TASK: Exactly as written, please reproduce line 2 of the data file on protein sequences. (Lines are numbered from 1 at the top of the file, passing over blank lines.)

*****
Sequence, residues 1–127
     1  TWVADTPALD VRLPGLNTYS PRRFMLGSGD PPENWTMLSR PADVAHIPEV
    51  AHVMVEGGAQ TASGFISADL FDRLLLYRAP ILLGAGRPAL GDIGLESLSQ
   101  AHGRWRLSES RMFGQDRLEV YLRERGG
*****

     1  TWVADTPALD VRLPGLNTYS PRRFMLGSGD PPENWTMLSR PADVAHIPEV